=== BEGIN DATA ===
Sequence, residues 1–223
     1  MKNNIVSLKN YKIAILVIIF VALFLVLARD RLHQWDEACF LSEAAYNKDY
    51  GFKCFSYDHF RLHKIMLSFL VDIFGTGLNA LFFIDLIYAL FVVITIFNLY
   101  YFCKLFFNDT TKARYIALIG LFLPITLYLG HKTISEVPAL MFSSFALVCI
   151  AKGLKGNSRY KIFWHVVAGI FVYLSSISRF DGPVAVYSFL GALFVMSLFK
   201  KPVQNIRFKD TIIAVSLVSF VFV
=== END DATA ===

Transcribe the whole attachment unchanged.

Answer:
Sequence, residues 1–223
     1  MKNNIVSLKN YKIAILVIIF VALFLVLARD RLHQWDEACF LSEAAYNKDY
    51  GFKCFSYDHF RLHKIMLSFL VDIFGTGLNA LFFIDLIYAL FVVITIFNLY
   101  YFCKLFFNDT TKARYIALIG LFLPITLYLG HKTISEVPAL MFSSFALVCI
   151  AKGLKGNSRY KIFWHVVAGI FVYLSSISRF DGPVAVYSFL GALFVMSLFK
   201  KPVQNIRFKD TIIAVSLVSF VFV